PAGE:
On 30-Jun-22 07:41, Jason A. Donenfeld wrote:
On Thu, Jun 30, 2022 at 06:47:38AM -0400, tlhackque wrote:
FWIW: Having watched the discussion about CONFIG_ANDROID, it occurs to
me that there's an alternative for WireGuard that sidesteps the issue.

  From the last patcheset, it seems that the only use in WireGuard is to
avoid clearing keys on every wake-up.
No, it clears keys before sleeping.

So: Why not timestamp key-clear events, and establish a minimum interval?
Because we don't know when we're going to wake up again, and the
objective is to maintain forward secrecy.


Thanks for the explanation.  One more attempt.

If I understand what's happening:

You're really trying to establish a maximum key lifetime - sleep being a proxy for "too long to keep using".  On conventional platforms, that's been good enough.  On these Android platforms, it's not.

You're clearing the key before sleeping so that after a presumably longish time, you'll negotiate a new one.  But on some platforms, the sleeps are so frequent that "longish" is inconveniently short.  And the renegotiations are expensive.  On those platforms, you don't clear the key to avoid the frequent renegotiations.  This keeps the old key in use across the sleeps.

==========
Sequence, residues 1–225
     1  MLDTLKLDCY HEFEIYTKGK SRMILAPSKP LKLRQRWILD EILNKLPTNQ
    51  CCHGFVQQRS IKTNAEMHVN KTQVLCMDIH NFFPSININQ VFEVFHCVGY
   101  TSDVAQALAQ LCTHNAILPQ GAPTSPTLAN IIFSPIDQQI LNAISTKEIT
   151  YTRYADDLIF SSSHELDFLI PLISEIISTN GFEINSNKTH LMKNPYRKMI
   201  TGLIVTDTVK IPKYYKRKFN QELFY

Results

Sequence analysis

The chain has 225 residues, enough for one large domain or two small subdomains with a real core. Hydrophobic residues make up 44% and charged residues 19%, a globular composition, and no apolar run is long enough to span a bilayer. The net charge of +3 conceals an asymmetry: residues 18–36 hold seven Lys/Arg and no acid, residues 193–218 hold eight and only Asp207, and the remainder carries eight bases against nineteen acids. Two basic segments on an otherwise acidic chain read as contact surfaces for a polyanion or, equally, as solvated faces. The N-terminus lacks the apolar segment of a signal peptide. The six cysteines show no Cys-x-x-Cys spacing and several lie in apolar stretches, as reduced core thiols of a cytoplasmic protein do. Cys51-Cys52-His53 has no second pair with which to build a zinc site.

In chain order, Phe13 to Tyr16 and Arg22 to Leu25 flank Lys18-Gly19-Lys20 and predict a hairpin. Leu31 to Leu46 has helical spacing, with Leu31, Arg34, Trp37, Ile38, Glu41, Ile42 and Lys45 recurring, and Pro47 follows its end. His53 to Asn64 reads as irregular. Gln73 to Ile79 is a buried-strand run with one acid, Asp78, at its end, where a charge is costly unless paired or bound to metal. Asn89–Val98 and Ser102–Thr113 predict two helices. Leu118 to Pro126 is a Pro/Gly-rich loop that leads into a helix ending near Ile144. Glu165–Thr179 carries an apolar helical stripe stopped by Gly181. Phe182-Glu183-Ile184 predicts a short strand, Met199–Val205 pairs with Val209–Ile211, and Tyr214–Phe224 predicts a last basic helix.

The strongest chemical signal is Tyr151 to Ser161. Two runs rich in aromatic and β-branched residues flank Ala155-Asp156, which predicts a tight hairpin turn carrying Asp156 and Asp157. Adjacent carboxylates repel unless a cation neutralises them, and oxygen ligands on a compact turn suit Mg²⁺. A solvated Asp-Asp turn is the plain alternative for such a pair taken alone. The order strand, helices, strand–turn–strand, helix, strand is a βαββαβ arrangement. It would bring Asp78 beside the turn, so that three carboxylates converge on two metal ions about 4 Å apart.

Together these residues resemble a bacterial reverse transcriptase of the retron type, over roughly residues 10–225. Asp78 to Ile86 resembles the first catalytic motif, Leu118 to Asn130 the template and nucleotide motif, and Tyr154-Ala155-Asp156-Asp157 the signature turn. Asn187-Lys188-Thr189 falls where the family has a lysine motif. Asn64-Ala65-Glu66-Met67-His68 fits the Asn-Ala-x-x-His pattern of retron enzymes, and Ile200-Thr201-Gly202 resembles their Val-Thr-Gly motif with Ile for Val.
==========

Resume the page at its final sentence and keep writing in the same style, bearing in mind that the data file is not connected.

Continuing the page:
Alternatively, why not make the maximum key lifetime explicit.  E.g. On all platforms you could set a renegotiate time when a key is established, and if it has expired on wake (or on use) trigger renegotiation.  This guarantees a maximum key lifetime, independent of the frequency or duration of sleeps.  And you don't need to know when you'll wake.

If you also want to make sure that the key isn't in memory longer than that time (e.g. to avoid capture on a dump or device loss), you could also set a timer (of the sort that wakes the CPU from sleep) that clears the key at that time.

There are obvious optimizations if necessary.

The point I'm trying to make is that rather than thinking about the annoying platform behavior's effect on the implementation, it's probably better to think about what WireGuard is really trying to do and express it in the implementation.

I hope this perspective helps.  I'll step out of your way now.

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